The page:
What to do in Funchal if you only have a few days

Funchal, the capital of a small Portuguese oasis in the Atlantic. Do you have only a few hours but want to know as much as possible about this delicious island? Ok, we will try to help you then!

The first stop is at the Dos Lavradores market, a lively mosaic of exotic colors and inebriating Atlantic perfumes. The general market of Funchal is one of the main attractions of the city, the art deco structure preserves almost all the elements of the original building including valuable azulejos from Portugal. 

The market continues to be the pivot of city trade; frequented by locals who come here for groceries from morning to late afternoon. From the threshold of the market it is possible to see women in traditional clothes selling exotic flowers, plants, bulbs and seeds. Throughout the year you can see a vast assortment of wonderful trifidae as well as an exceptional choice of the island's famous orchids.

Most visitors are drawn to the colorful fruit stalls around the central patio. Prices are mostly similar to those of local supermarkets. In Madeira, a very special fruit grows banana-pineapple ... a must try! After passing the central patio, go up the stairs, you can admire the fish market. Caught at night in the depths of the Atlantic, it is the basis of local food. The skill with which fishmongers handle the knife in cutting both swordfish and large slices of tuna is impressive.

A curiosity already known to many sportsmen is that the great footballer was born here Cristiano Ronaldo. There is a museum near the small port where you can learn about its history and roots. A must is a souvenir photo near his statue ... for those who want, the many taxi drivers offer a real one Ronaldo tour, from his home to his first football pitch!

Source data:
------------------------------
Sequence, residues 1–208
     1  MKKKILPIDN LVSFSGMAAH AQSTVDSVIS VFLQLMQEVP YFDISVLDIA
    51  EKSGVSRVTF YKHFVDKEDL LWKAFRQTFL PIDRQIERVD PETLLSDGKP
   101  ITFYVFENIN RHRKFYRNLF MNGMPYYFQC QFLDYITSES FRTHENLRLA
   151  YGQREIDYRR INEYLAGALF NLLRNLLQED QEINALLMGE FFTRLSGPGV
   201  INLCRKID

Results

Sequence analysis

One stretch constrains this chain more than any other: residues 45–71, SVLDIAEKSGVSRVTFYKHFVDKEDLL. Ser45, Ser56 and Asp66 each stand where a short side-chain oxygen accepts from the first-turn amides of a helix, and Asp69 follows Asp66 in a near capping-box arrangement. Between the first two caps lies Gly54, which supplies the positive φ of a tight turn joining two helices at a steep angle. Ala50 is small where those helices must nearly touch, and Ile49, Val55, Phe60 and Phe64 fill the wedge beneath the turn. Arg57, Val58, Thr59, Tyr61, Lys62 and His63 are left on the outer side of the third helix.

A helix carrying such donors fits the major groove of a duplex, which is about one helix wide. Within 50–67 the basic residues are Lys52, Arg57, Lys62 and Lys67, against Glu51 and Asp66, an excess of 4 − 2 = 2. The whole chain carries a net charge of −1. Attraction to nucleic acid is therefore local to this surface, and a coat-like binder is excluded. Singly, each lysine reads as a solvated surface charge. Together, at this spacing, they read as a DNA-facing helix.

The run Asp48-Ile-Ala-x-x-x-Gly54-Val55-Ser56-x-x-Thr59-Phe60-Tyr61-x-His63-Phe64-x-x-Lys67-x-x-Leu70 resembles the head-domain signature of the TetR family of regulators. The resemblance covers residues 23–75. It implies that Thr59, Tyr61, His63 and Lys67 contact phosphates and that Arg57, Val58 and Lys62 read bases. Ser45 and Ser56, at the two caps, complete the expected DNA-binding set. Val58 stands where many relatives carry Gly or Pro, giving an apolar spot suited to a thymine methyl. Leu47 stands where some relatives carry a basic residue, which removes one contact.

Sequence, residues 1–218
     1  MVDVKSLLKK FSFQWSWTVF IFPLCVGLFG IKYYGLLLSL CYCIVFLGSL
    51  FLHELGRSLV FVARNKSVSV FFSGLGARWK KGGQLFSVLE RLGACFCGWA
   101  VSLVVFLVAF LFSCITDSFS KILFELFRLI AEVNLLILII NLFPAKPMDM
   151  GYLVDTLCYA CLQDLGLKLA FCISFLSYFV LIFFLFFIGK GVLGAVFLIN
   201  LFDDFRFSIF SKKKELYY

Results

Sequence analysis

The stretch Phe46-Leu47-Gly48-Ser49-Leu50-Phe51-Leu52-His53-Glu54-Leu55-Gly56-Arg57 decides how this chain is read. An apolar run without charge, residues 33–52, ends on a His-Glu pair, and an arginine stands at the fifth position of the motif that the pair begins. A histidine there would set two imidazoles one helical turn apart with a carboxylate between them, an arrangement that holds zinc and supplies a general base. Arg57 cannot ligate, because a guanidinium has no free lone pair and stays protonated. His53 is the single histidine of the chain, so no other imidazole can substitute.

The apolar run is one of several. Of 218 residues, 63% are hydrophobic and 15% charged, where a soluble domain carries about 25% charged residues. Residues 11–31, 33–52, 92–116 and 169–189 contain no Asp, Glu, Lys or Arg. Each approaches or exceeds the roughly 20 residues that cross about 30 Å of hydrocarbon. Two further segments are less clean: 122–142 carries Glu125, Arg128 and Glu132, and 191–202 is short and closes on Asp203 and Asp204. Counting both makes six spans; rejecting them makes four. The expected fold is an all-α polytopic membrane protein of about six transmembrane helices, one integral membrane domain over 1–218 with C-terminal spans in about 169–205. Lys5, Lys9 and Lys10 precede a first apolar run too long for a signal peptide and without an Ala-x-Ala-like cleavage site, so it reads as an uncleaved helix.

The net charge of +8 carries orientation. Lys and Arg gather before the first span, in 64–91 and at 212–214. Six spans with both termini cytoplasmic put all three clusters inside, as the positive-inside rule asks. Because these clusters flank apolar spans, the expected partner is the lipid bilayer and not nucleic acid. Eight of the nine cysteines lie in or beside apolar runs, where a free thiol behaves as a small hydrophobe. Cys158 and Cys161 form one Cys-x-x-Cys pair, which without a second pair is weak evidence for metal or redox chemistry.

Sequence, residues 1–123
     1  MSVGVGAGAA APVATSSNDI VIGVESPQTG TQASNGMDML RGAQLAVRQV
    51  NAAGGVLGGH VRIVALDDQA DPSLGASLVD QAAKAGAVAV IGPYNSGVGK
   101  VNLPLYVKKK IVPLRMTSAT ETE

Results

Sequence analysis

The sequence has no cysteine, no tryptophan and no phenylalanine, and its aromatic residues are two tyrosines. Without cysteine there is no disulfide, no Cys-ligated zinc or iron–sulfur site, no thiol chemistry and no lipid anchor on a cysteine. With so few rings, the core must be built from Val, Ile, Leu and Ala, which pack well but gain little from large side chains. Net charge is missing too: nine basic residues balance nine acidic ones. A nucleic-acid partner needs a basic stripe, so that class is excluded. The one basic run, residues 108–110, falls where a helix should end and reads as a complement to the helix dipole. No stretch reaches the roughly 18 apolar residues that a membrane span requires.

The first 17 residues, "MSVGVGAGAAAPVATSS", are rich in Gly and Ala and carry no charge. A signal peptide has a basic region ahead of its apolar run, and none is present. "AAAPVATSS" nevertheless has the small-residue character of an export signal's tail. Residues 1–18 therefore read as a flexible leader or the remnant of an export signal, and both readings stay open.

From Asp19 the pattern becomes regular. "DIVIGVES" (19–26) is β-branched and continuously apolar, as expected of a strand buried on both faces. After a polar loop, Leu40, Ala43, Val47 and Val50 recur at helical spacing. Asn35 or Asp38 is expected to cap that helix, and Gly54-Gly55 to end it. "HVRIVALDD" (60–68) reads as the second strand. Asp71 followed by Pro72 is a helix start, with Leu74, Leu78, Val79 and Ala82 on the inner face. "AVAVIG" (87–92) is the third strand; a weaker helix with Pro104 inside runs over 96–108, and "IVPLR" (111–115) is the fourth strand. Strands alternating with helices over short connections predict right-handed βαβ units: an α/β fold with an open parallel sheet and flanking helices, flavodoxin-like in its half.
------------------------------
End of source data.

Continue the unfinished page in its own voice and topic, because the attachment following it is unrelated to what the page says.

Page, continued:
The area Monte of Funchal is a suburb of aristocratic villas, in the past the privileged residence of wealthier families who, in the heat of the coast, preferred milder temperatures at 500 meters above sea level in summer. Today it is a beautiful neighborhood that is absolutely worth visiting. It's also fun to get there with the cable car that departs from the Velha area and takes visitors past the low clouds that often envelop the mountains of Madeira.

One thing we recommend to do is to take the "carro de cestos", that is sleds made of Camacha wicker with padded seats that can carry two adults (we have brought Nora even more than the stroller!) ...

Drivers wear gondolier-style straw hats, a white shirt, white pants and rubber-soled shoes that help brake when speeding on the asphalt ... in fact the sled acquires a certain speed but nothing dangerous, do not worry! The cost is around € 30 in two for a 10-minute slip ... it may seem excessive but it is a fun experience.

- Madeira was the only wine that could be exported to the British colonies of America without passing through a British port.
- Napoleon Bonaparte, passing through Madeira during his journey to the exile of Saint Helena, received as a gift of Madeira from the English governor of the archipelago.

- Madeira was used by Thomas Jefferson to toast the signature of the United States of America Declaration of Independence.
- During Prohibition, which led to a sharp drop in Madeira's imports to the United States, the wine was exported almost entirely to France, where it was mainly used for the preparation of sauce madère (Madeira sauce).

So, did you feel like going to this small Atlantic oasis?

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